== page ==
LEFKOSA, Turkish Republic of Northern Cyprus (AA) - Turkey expects that the Cyprus issue can be resolved within the next 12 months, said Prime Minister Binali Yildirim on Wednesday.
"As a guarantor state, Turkey sincerely expects that a political solution negotiated on the basis of the will of both [the Turkish Cypriot and Greek Cypriot] communities can be found within the next year,” Yildirim told a joint news conference with the president of the Turkish Republic of Northern Cyprus, Mustafa Akinci .
Saying that a lasting solution is possible only “through the understanding of an equal partnership, and a belief in a common future,” Yildirim reiterated Turkey’s commitment to the process, and continued support to the Turkish Cypriot side.
Akinci, for his part, said that the next seven months were “critical”, as Cyprus has entered a “historically significant period”.
The Turkish Cypriot leader stressed the importance of making the best use of this time so as not to “lose the opportunity to find a resolution”.
"We are ready to continue to do our best in order to bring about an agreement based on a bi-zonal, bi-communal, and politically equal federation,” he said.
Akinci praised Turkey’s support in the matter and called on all other related parties, including Greece in particular, to contribute to finding a fair resolution at the earliest.
Asked if the "crisis" with Greek Cypriot leader Nicos Anastasiades was over, after the latter cancelled a planned meeting last week, Akinci said there was no actual crisis, but "an artificially created situation".
“We expect Anastasiades to contact both us and the UN and propose a date for a new meeting,” he said, adding he would be meeting Anastasiades on Thursday at an event celebrating June 1, International Children’s Day.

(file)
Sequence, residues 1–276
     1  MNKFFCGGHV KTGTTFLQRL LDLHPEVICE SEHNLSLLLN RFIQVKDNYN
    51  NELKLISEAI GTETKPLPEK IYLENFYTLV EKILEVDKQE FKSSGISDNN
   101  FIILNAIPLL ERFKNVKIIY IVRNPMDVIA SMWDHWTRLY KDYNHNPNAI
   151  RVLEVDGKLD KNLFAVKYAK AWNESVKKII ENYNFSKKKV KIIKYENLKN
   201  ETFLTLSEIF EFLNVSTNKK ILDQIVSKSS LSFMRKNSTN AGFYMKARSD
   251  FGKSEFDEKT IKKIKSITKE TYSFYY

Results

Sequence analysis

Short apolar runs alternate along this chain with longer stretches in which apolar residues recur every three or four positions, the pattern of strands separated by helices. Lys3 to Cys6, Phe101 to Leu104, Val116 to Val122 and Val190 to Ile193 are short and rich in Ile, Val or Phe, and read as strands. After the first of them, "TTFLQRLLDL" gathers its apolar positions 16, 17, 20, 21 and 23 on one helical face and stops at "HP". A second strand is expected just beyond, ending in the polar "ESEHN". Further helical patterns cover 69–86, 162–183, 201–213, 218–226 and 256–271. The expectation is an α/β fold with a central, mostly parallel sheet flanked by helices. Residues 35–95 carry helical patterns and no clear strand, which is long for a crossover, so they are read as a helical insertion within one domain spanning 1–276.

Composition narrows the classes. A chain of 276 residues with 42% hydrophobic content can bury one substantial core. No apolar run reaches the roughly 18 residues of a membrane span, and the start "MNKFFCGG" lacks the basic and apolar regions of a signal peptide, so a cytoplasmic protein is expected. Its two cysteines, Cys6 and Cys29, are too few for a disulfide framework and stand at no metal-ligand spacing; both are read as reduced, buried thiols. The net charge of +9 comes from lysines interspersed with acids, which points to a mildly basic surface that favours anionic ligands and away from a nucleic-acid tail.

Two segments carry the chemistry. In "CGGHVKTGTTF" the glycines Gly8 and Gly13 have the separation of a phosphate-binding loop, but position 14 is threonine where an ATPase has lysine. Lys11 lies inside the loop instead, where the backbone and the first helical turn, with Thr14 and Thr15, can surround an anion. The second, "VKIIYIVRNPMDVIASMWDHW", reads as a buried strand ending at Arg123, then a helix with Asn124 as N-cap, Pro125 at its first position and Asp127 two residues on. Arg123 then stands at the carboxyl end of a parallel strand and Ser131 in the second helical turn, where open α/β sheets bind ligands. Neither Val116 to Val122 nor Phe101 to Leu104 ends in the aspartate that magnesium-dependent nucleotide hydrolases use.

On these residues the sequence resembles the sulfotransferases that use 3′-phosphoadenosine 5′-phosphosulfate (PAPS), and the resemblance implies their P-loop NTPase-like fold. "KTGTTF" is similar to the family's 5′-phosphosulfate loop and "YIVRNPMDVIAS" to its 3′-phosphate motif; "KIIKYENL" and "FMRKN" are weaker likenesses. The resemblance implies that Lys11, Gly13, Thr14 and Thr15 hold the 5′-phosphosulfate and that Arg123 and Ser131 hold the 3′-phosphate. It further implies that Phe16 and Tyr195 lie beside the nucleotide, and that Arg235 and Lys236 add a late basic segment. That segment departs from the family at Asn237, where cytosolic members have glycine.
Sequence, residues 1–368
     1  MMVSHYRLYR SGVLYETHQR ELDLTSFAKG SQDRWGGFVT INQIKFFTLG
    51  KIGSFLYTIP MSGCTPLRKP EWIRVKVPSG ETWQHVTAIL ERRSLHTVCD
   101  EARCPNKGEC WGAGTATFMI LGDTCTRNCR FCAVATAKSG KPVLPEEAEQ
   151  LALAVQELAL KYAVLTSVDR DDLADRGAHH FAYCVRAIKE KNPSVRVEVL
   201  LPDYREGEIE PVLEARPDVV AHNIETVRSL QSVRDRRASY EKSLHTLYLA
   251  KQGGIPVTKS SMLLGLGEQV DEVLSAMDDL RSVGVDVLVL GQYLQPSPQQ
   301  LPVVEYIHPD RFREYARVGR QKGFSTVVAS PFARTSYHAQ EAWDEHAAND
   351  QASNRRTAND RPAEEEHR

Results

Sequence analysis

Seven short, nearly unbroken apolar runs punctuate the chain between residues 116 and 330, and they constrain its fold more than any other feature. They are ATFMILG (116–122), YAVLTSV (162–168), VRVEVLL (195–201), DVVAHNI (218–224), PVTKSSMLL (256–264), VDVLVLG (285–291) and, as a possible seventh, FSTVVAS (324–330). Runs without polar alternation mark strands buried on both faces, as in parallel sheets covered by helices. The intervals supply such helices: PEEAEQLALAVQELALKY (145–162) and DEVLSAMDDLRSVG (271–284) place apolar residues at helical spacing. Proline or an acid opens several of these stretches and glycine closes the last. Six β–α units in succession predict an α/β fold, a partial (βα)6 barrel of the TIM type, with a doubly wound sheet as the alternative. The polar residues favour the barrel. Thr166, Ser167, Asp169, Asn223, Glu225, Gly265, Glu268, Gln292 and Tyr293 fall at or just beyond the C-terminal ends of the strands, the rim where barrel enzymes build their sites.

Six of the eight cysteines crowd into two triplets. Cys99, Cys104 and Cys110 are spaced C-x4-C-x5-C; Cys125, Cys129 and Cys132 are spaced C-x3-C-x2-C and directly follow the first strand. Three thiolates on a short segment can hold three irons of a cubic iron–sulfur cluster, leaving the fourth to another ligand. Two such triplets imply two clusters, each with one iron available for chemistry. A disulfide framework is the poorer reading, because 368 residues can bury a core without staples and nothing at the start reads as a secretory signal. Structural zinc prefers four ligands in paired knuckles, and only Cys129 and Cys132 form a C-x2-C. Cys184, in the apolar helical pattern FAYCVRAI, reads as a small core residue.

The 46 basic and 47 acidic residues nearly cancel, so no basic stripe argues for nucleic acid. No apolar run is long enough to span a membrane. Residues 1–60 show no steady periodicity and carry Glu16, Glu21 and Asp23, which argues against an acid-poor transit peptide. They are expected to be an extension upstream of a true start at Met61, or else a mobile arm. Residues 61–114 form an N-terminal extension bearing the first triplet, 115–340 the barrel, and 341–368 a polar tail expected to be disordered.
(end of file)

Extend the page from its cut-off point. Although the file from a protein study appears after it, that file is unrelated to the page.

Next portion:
“Fifty students each from the Turkish Cypriot and Greek Cypriot sides will come together in the buffer zone. I hope this meeting will lay the basis for restarting talks,” he said.
The two leaders had planned to meet last Friday, but the meeting was cancelled after Anastasiades refused to attend a dinner hosted by Turkish President Recep Tayyip Erdogan during the World Humanitarian Summit in Istanbul, after being told that Akinci was also invited.
He also cut short his trip to Istanbul over this perceived protocol breach.
Anastasiades also cancelled a meeting set for last Thursday with Special UN Cyprus Envoy Espen Barth Eide.
Reunification talks between the Greek Cypriot and Turkish Cypriot communities on the island resumed in May 2015 when the newly elected Akinci met with his Greek Cypriot counterpart Anastasiades.
Previous negotiations stalled in October 2014 due to a dispute over underwater gas exploration.
The eastern Mediterranean island was divided into a Turkish Cypriot state in the north and a Greek Cypriot administration in the south after a 1974 military coup on the island was followed by the intervention of Turkey as a guarantor power.